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Preparation Molds for Exhibits

Identifier: Mem 306

Scope and Contents

Molds for exhibits were created and used to prepare the models that compose the exhibits of the American Museum of Natural history, approximately from 1889 to the 1990s, first by the science departments and then by the Department of Exhibition and its different iterations. Models were meant to reproduce existing and extinct animal specimens, humans and cultural artifacts, insects and plant life. The types of mold that can be found in this grouping provide insight on the methods employed to achieve these reproductions and how they evolved throughout the years. Among the types of molds there are one-piece molds, piece molds, squeeze molds, vacuum-formed molds, irons, and cutting dies. Each type served different techniques,and were made of various materials such as plaster, latex, silicone and black toffee.

These molds have been loosely grouped and described based on the discipline they represent. Their description may be further refined as more is learned about them.


  • Usage: circa 1889-1990s



116 Items

Language of Materials



These materials were arranged in nine series: Series I: Botany, Series II: Ichthyology, Series III: Invertebrate Zoology, Series IV: Herpetology, Series V: Anthropology, Series VI: Mammalogy, Series VII: Ornithology, Series VIII: Vertebrate Paleontology, and Series IX: Unidentified.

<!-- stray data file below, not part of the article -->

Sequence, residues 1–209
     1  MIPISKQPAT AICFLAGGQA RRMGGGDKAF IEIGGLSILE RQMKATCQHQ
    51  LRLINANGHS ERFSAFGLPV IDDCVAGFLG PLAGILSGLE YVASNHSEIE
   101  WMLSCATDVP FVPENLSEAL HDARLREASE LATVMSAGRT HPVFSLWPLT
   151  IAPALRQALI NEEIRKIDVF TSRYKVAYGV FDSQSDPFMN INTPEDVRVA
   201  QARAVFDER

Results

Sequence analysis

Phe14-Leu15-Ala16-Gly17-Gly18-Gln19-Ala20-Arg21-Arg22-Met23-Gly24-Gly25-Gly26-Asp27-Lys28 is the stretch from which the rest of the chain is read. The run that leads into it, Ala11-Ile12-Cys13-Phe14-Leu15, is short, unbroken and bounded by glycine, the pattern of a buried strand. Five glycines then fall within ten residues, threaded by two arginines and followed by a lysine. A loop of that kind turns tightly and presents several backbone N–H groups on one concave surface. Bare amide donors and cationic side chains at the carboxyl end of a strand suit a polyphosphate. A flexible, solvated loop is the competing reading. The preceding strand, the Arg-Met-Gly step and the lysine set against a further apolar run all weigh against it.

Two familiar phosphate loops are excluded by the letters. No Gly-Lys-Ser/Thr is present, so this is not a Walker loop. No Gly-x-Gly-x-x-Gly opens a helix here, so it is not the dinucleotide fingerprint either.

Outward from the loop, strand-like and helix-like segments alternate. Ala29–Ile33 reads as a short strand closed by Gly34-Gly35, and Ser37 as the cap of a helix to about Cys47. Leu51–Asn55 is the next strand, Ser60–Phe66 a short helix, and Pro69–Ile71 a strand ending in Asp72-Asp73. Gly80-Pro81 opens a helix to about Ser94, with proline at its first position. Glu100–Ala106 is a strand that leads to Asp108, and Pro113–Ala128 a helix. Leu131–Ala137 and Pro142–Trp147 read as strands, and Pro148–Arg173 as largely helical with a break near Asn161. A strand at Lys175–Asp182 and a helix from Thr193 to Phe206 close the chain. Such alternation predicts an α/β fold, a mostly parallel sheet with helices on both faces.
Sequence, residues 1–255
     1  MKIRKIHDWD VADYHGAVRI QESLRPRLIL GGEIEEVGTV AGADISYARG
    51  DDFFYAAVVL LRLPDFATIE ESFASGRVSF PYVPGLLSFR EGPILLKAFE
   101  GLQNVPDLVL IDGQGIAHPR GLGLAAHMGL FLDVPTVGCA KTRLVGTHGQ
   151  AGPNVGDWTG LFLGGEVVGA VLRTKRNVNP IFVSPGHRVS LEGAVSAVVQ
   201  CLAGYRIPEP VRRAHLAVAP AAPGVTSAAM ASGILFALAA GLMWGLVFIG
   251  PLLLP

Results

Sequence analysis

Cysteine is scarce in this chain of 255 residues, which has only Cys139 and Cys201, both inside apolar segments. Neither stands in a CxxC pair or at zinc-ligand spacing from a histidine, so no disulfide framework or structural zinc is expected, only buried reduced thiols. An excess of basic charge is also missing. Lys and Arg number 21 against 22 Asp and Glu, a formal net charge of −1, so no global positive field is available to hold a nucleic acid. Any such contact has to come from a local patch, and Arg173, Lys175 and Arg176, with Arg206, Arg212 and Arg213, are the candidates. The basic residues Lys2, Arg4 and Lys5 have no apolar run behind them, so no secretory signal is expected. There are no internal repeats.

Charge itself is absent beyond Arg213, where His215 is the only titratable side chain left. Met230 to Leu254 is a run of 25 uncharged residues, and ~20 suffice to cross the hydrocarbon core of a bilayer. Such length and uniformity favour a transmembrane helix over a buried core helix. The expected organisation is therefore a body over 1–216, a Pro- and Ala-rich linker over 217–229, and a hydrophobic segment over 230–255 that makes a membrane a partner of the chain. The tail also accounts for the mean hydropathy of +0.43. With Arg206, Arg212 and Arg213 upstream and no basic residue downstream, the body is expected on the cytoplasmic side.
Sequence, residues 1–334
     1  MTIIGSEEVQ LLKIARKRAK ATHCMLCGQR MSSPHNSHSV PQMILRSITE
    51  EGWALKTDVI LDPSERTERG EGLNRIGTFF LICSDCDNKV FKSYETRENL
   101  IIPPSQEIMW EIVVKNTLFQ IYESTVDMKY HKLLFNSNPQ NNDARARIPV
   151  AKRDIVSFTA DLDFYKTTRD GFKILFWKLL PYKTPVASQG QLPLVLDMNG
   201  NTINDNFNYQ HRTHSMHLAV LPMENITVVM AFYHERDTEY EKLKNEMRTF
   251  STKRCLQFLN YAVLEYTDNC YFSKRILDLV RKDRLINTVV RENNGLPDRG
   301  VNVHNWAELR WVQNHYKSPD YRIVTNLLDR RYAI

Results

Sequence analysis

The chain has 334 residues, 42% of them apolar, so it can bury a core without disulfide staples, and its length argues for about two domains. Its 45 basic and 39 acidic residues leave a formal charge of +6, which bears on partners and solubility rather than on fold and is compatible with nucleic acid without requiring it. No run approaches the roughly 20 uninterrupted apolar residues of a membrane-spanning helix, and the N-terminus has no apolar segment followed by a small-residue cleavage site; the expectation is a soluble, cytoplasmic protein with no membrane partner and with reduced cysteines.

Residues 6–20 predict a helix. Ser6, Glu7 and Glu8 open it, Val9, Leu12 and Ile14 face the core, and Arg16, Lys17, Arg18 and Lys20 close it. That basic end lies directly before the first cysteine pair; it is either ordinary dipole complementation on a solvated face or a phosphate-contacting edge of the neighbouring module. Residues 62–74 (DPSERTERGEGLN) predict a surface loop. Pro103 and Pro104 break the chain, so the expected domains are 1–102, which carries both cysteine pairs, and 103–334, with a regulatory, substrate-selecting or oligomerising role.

Custodial History

Most of the objects were created and used by the Department of Exhibition and, before that, the science departments, in the process of building the exhibits of the American Museum of Natural History.

Immediate Source of Acquisition

These materials were transferred from the Exhibition Department of the American Museum of Natural History.


Much of the information about the molds collection was collected via an oral history interview with Mauricio Genaro on November 1st, 2022. For its parts the dates were inferred through the annual records, the American Museum Journal, authority records of exhibitions and departments, and guide leaflets. The latter source also served majorly to identify the described techniques and types of molds.

Preparation Molds for Exhibits, circa 1889-1990s
Camila Aguirre
March 24, 2023
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Describing Archives: A Content Standard
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Repository Details

Part of the Museum Archives at the Gottesman Research Library Repository

American Museum of Natural History
200 Central Park West
New York NY 10024 USA
(212) 769-5420